def listen(ip_param, port_param, data_function):
    ...
    data = conn.recv(1024)
    data = data_function(data)
    if data:
    conn.send(data)
    conn.close()
    ...
    - fork a new process (UNIX oriented.)
    ...
    pid = os.fork()
    if pid:
    wait_for_these_pids_eventually.append(pid)
    else:
    try:
    conn, addr = s.accept()
    s.close()
    conn_function(conn)
    finally:
    os._exit(0)
    - spawn a new thread (similar idea)

    Processes and threads will allow your service to remain responsive
    while performing tasks that take a long time, because these tasks
    will run concurrently. They do bring their own issues, though, and
    it isn't worth it unless it's worth it, which only you can tell.
    It's a pretty lengthy computation that takes so much time that a
    thread or process is really called for.

    If the inverted, functional approach suits your application, note
    that you can use a Python class instance here to keep state between
    connections - like,
    class ConnectionReceiver:
    ...
    def data_function(self, data):
    self.count = self.count + 1
    print >> sys.stderr, 'datum', self.count
    ...
    ...
    receiver = ConnectionReceiver()
    listen(ip_param, port_param, receiver.data_function)

    Donn Cave,
    Donn Cave, Sep 16, 2004
    #3
  4. Brad Tilley

    Bryan Olson Guest

    Brad Tilley wrote:

    > [...] I want to get the data that the clients send out of
    > the loop but at the same time keep the loop going so it can
    > continue listening for connections. [...]


    I'd classify the ways to do it somewhat differently than the
    other responses:

    -Start multiple lines of execution
    - using threads
    - using processes (which, in Python, is less portable)

    -Wait for action on multiple sockets within a single thread
    - using os.select
    - using some less-portable asynchronous I/O facility

    Those are the low-level choices. Higher level facilities, such
    as Asyncore and Twisted, are themselves based on one or more of
    those.

    Different servers have different needs, but when in doubt use
    threads. Threading on the popular operating systems has
    improved vastly in the last several years. Running a thousand
    simultaneous threads is perfectly reasonable. Programmers using
    threads have to be aware of things like race conditions, but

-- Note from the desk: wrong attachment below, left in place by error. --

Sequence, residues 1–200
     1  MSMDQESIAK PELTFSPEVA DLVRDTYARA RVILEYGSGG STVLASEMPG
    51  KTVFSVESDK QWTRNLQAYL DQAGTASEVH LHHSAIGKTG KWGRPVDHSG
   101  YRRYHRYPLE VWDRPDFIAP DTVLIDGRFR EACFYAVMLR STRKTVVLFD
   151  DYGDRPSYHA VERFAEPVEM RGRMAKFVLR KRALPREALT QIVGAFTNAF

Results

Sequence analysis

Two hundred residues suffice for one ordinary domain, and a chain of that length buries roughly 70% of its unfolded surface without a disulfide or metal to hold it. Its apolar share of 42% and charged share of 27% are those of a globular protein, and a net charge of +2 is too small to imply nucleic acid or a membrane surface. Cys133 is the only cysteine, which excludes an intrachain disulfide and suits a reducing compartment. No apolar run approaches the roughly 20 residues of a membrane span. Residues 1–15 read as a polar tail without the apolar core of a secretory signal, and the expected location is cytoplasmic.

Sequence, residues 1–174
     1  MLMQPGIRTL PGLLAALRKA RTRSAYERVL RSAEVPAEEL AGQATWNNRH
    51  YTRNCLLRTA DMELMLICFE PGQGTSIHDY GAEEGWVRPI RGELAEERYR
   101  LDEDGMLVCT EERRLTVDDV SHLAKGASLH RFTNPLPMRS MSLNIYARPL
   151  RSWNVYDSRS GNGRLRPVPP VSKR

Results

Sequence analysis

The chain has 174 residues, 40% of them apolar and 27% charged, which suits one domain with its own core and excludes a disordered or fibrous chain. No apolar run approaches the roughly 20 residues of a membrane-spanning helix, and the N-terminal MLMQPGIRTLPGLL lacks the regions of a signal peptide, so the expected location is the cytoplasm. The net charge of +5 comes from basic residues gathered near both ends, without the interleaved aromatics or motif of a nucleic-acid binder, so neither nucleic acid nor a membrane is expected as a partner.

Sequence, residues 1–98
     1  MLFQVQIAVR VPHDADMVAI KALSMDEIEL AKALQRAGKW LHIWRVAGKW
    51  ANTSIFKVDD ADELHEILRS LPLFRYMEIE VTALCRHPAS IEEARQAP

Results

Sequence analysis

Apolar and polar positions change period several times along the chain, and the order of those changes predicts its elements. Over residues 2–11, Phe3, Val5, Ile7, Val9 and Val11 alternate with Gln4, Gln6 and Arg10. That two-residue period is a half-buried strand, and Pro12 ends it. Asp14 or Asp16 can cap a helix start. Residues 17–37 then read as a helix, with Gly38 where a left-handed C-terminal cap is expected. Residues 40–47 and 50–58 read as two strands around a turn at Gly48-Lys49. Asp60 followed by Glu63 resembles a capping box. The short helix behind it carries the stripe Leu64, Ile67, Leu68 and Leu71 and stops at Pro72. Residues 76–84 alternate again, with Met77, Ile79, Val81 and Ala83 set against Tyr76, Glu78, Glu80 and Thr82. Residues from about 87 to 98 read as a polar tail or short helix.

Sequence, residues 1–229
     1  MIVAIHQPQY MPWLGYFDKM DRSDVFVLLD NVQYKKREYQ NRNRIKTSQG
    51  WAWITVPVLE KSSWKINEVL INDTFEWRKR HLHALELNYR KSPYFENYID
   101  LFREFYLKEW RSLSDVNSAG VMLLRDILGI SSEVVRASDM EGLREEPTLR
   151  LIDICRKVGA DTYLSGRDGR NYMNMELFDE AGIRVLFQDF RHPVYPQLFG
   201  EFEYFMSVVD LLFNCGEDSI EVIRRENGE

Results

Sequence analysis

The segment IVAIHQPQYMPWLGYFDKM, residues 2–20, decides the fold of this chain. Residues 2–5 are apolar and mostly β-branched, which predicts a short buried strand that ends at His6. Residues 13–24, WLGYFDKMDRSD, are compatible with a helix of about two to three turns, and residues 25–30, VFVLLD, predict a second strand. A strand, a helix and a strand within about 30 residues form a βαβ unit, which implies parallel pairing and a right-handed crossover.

when threads are handling separate connections, most of their
    operations are independent of other threads.


    --
    --Bryan
    Bryan Olson, Sep 16, 2004
    #4
  5. Bryan Olson wrote:
    ....
    > Different servers have different needs, but when in doubt use
    > threads. Threading on the popular operating systems has
    > improved vastly in the last several years. Running a thousand
    > simultaneous threads is perfectly reasonable.


    If you want code to be portable this is false, and I'm amazed to see
    this claim on c.l.p to be honest. It's a fairly good way to kill a
    fair number of still well used OSs.

    Just because a handful of OSs handle threading well these days does
    not mean that you will end up with portable code this way. (Portable
    in that you get the same overall behaviour - not the simple concept
    of the code running)

    _Small_ numbers of threads are very portable I would agree, but not
    thousand(s).

    Best Regards,


    Michael.
    --

    British Broadcasting Corporation, Research and Development
    Kingswood Warren, Surrey KT20 6NP

    This message (and any attachments) may contain personal views
    which are not the views of the BBC unless specifically stated.
    Michael Sparks, Sep 16, 2004
    #5
  6. In article <tpc2d.16169$>,
    Bryan Olson <> wrote:
    .
    .
    .
    >I'd classify the ways to do it somewhat differently than the
    >other responses:
    >
    > -Start multiple lines of execution
    > - using threads
    > - using processes (which, in Python, is less portable)
    >
    > -Wait for action on multiple sockets within a single thread
    > - using os.select
    > - using some less-portable asynchronous I/O facility